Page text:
I love when Marjorie Bennett calls Jane ... "This is Mr. Flagg's sekatery speakin'"
Brilliant movie....love the small roles played by BD, Bette's real daughter, as the neighbor's daughter, the actress playing young Blanche who wore her hair in braids just like little Rhoda in The Bad Seed and of course Buono's mother. Amazing it was shot in a few weeks. The score is fun too!
Here's what the house looks like today. It's located in the absolutely lovely Hancock Park neighborhood in LA.
It was supposed to be about three sisters in that house, but they dropped one of the sisters and rewrote two days into filming. And it wasn't due to my drinking!
Too bad youtube took down the videos of numbers from the musical version done in Houston about 20 years ago- it had to be seen to be believed!!!!! There was a number called "Sisters" where Baby Jane dances with Blanche in her wheelchair- and the lyrics.....oy vey!
Hal Hackaday-lyricist of flops
r40 is Hancock Park where Hattie McDaniel was the first black resident?
Hattie McDaniel lived in West Adams.
r44 Nat King Cole lived in Hancock Park, and he may very well have been the first black resident. Hancock Park is one of the loveliest neighborhoods in LA, it's immediately south of Hollywood proper, and the southern border is Wilshire. Larchmont Village is within walking distance. HP is one of the oldest neighborhoods in LA, and many of the houses are from the 20's and 30s. No prefabricated bullshit or Persian Palaces. Just gorgeous, stately houses from a time when people really knew how to build beautiful houses.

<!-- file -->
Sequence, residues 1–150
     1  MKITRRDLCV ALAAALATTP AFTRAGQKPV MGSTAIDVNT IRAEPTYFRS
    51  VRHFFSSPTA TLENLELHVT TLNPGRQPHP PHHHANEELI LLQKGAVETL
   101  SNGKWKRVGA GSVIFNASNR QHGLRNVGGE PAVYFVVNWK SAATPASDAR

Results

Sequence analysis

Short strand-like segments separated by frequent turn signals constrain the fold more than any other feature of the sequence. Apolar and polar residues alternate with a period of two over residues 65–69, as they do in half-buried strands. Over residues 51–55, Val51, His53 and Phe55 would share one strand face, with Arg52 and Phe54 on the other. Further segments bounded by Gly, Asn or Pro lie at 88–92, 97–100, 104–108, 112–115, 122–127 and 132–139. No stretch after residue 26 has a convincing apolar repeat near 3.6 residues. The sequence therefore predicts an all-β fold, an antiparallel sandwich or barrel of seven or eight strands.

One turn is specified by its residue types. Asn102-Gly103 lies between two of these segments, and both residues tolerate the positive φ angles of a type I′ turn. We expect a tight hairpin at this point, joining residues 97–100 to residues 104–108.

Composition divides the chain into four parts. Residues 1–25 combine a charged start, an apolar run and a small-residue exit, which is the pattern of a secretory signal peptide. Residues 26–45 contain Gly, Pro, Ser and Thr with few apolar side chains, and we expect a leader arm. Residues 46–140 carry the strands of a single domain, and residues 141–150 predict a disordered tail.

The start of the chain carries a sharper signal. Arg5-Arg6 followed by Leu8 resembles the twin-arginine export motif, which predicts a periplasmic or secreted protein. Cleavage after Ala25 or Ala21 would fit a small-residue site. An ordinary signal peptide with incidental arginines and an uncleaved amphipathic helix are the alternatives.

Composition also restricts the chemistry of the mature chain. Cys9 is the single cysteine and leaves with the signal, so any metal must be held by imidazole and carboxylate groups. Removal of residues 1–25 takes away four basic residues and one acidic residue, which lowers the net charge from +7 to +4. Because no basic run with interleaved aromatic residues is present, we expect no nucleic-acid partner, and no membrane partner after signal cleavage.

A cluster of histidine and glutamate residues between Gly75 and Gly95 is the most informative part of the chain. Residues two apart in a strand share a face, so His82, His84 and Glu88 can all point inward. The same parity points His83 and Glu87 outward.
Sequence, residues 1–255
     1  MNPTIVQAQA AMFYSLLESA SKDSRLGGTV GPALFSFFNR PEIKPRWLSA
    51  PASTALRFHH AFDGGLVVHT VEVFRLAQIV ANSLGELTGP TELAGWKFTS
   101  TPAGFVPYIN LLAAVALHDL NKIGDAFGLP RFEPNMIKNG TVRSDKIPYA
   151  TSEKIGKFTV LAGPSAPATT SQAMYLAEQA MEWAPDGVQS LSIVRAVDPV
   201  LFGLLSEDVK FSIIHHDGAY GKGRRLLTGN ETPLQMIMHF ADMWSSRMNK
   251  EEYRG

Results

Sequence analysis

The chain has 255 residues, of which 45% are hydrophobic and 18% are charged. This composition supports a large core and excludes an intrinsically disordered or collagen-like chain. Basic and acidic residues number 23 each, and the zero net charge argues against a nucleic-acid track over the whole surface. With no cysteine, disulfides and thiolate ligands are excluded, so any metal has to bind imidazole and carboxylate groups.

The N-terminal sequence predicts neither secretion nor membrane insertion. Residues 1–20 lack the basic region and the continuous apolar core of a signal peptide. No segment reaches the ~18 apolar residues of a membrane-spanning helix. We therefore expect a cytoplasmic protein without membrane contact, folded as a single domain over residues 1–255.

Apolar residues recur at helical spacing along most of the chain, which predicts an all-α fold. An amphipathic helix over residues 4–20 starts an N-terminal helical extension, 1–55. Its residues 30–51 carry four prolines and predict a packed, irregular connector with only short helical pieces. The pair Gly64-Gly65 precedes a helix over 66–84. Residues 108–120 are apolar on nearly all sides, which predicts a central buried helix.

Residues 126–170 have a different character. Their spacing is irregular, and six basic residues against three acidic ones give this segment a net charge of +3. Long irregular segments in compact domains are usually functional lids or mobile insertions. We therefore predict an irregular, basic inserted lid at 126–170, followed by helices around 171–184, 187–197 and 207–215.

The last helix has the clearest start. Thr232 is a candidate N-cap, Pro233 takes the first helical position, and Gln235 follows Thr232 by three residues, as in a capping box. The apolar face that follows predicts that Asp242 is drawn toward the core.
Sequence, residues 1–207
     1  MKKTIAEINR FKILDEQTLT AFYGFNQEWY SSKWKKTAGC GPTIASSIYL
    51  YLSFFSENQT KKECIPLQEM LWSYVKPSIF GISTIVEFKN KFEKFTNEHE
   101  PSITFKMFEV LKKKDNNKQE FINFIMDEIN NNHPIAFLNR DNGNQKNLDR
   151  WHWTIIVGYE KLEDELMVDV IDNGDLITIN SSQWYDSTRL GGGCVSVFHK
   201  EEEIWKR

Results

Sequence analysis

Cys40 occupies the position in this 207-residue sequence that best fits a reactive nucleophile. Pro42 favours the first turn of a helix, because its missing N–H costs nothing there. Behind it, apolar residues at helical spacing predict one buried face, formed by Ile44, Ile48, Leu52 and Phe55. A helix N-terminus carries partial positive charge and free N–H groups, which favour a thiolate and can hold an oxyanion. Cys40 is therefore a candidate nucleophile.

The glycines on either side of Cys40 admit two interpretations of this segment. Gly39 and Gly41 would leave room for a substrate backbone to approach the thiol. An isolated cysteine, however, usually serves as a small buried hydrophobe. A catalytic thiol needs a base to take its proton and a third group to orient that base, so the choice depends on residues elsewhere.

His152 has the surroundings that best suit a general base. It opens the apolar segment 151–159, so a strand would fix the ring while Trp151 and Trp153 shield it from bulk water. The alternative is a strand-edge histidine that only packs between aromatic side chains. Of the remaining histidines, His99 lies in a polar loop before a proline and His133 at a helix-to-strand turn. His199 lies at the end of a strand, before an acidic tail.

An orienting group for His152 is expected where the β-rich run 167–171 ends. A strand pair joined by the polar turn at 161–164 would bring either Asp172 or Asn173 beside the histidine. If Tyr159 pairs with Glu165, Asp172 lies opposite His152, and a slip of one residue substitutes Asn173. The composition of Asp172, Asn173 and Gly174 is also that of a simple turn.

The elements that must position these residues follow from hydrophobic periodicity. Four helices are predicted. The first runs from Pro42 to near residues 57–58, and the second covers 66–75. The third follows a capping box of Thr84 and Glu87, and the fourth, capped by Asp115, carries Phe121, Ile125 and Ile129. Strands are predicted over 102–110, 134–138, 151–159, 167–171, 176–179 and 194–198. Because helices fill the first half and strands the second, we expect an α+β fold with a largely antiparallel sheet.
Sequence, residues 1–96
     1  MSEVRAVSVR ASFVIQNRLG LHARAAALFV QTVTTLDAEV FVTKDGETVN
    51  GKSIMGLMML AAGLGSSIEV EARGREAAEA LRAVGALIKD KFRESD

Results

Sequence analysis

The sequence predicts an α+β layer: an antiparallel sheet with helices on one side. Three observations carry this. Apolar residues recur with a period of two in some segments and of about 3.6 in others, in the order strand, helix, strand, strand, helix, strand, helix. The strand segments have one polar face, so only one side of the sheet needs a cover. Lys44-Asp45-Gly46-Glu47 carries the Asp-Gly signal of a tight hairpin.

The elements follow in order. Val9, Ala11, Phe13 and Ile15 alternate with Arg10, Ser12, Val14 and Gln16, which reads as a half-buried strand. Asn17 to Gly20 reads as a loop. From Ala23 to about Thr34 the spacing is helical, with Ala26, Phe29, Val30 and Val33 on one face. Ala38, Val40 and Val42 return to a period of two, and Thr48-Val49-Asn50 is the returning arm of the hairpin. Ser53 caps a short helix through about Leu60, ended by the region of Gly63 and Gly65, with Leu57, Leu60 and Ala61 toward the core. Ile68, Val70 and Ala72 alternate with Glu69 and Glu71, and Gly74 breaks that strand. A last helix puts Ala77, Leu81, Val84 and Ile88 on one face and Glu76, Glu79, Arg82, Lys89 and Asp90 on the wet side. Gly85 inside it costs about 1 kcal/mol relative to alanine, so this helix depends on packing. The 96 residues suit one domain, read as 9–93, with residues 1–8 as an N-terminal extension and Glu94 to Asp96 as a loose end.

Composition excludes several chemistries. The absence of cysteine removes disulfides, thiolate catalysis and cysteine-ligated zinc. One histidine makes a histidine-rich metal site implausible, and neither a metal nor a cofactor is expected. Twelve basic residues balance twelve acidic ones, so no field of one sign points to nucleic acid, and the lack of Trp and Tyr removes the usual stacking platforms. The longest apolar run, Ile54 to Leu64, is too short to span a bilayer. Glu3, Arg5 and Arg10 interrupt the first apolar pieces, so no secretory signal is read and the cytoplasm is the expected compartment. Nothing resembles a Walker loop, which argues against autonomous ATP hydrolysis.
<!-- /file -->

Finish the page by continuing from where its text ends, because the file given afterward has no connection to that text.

[quote]I'm fine with him, but I've always thought the whole opening with the little girls on the vaudeville circuit was dull compared to the rest of the movie -- and completely unnecessary.
I love the mother's speech--"You're the lucky one, Blanche..."
Gina Gillespie as little Blanche really did look like Joan Crawford.
My very own Baby Jane doll!
[quote]the musical version done in Houston about 20 years ago- it had to be seen to be believed!!!!! There was a number called "Sisters" where Baby Jane dances with Blanche in her wheelchair..
How original. In another life, my drag partner and I did the same number over 25 years ago with this version...
"The movie would have been better if Crawford's character had been more devious and cunning. And the soppy revelation at the end is completely unsatisfying."
Such nonsense. The film's greatest coup is the revelation at the end. And completely credible. It lends a dimension to Baby Jane's character that makes her absolutely tragic.
Was that the actual interior of the house that was filmed? If so, it was quite a contrast to the modern-looking interior of the neighbors.